Whenever you have an A+/A decision in front of you, take Ramit Sethi’s advice and don’t spend more than five minutes deciding. If you haven’t made a decision after five minutes, flip a coin.
But how should you think about making the decision during those five minutes? Here’s my take.
Pay Off Expensive Debt First
If you have credit card debt that you’re paying 15 or 20 percent on, you want to pay it off as quickly as possible.
A few years ago I was talking to a friend who had no emergency fund about paying off his credit cards. He said he wanted to play it safe by building his emergency fund. I told him his debt was already an emergency.
His objection was was what if he starts paying down his cards, but then something happens and there’s a major unexpected expense he has to pay. He has no emergency fund, so what is he going to do?
The important thing to keep in mind is that such an event would constitute a major setback to either plan.
If you had saved up an emergency fund it could get wiped out. If you were paying off debt, you’d go right back into debt.
To me, the difference is that you could get back into debt at a lower interest rate.
If you’re a home owner, you could open a home equity line of credit (HELOC) that’s there when you need it at a much lower interest rate than you get with credit cards. Just make sure there’s no initial minimum withdrawal.
Another option is to take advantage of a 0% APR introductory credit card to cover your emergency.
When you have high interest debt, the way to save the most money is to pay it off early.
The math favors paying off your debt. But personal finance isn’t just about dollars and cents. You’re a human being, and how you feel about those dollars and cents means more than you realize.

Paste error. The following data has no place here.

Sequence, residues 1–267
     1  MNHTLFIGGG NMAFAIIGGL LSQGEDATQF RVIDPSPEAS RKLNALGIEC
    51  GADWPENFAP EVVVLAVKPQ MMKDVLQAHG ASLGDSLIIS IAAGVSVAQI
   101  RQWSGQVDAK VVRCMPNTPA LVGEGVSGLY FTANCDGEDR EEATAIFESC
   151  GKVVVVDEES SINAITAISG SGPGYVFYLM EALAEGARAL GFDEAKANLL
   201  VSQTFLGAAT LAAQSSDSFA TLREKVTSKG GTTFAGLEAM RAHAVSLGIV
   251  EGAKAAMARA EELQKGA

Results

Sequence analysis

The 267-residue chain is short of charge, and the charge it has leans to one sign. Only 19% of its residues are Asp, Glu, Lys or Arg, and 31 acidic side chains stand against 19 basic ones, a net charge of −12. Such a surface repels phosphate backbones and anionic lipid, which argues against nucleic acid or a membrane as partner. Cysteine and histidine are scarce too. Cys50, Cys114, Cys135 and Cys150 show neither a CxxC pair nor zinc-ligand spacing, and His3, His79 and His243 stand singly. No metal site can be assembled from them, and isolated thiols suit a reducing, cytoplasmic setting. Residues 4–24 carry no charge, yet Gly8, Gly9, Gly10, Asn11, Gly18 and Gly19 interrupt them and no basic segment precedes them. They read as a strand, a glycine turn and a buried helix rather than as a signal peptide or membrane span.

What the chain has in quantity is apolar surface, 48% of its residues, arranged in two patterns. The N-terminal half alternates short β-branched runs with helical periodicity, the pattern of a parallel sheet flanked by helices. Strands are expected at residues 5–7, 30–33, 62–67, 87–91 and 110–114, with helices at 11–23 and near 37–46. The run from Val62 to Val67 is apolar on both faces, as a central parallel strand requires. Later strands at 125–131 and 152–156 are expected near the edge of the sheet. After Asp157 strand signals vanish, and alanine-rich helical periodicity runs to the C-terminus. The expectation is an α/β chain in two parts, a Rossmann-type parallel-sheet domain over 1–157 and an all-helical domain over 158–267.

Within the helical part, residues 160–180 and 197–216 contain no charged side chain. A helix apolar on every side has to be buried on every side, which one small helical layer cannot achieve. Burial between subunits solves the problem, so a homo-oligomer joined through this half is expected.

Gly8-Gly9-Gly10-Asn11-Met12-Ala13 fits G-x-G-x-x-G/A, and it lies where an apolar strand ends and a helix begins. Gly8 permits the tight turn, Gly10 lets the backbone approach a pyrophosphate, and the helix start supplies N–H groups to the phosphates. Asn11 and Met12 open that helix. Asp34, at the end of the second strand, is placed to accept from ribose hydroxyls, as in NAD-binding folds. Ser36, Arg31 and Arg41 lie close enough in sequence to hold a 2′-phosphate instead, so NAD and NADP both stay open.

If you need to psychological safety net of a cash cushion, then pick a reasonable savings goal and then switch to paying off debt once you hit it.
Dave Ramsey is the most notoriously anti-debt personal finance guru out there, and even he says to save a $1,000 emergency fund before you start paying off debt.
I think $1,000 is the perfect target. You might object that $1,000 is a random number that we attach significance to because it’s a milestone in a base-10 system, but that’s exactly the point. We’re doing this to make you feel good. And I guarantee you that you feel better about $1,000 than you do about $983 even though objectively they’re very similar.
Here are the two best plans on my book:
Option 1: Start With Debt
- Open a HELOC or credit account with 0% introductory rate as an “emergency fund”
- Aggressively pay down debt
- Start building your savings
Option 2: The Cash Cushion
- Save towards a reasonable goal such as $1,000 for a baby emergency fund
- Pay off debt
- Come back and fully fund your emergency fund
As far as I can tell, both options get a grade of at least an “A” using the outcome report card. Don’t spend more than five minutes deciding. Make a decision today and take action.